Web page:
ISSN (Print) - 0012-9976 | ISSN (Online) - 2349-8846
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INDUSTRY-Cannibals and Missionaries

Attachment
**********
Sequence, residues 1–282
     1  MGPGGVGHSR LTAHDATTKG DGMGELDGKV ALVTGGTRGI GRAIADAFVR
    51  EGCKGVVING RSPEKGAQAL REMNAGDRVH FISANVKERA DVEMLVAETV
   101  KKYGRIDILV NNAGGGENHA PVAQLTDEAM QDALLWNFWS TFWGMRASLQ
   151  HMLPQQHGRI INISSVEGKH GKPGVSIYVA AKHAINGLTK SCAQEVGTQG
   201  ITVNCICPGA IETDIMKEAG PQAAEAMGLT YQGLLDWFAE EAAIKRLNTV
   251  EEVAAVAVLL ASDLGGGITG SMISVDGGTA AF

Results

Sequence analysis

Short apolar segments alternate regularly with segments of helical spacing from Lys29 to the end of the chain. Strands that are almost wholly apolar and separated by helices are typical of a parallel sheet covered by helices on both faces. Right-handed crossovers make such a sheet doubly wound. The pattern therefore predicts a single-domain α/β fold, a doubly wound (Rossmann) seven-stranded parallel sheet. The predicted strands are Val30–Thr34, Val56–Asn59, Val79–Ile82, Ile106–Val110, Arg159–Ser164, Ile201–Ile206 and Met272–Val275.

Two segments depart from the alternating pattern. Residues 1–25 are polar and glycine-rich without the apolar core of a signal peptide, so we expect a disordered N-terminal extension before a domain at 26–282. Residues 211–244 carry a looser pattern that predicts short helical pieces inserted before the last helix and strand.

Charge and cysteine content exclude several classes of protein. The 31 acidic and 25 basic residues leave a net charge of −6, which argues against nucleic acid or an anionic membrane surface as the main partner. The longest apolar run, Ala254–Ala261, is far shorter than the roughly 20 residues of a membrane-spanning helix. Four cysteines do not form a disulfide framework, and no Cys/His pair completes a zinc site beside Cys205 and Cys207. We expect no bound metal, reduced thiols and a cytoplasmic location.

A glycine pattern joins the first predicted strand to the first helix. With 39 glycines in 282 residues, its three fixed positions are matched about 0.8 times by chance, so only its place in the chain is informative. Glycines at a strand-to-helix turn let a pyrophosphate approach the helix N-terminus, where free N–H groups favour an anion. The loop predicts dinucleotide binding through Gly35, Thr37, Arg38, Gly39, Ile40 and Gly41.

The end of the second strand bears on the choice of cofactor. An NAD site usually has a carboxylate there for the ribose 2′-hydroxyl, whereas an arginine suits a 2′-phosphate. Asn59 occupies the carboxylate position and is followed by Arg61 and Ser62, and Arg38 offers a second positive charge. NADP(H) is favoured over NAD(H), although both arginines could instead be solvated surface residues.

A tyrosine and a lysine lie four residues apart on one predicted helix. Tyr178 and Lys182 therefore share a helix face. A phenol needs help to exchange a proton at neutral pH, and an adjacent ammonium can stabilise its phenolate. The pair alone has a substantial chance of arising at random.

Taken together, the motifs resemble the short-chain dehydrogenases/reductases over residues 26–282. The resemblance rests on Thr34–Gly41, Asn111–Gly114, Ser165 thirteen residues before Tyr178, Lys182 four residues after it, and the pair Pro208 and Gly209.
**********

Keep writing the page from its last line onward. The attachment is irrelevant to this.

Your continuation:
Cannibals and Missionaries Thomas A Timberg MUCH comment on SSE units sees them as forming a critical, but transient portion of the industrial structure of developing countries.1 In the earliest stage, small units prevail. Later they are displaced by larger ones. This has been so both in earlier industrialisation, as of the present industrialised countries, as well as the Newly Industrialised Countries (NICs such as Korea, Taiwan, Singapore, etc). Logically, increasing volumes of production enable scale economics, upward pressure and wages, cause the substitution of more capital intensive techniques, etc. Of course, even in the final stage, some small manufacturing units survive, for craft or luxury goods, or dealing in highly specialised items as well as in the forefront of new industries or industrial trends.2 Jane Jacobs, in some recent articles, has emphasised the role of these sectors in retaining an economy's resiliency.3 To the extent that size transformation does not occur, observers worry that a pathology is present. For example, that markets are so protected that inefficient firms are not subject to competitive pressure. Or that the economy is static and experiencing little growth and transformation. Large scale firms, when they are successful, institutionalise continuous change within themselves

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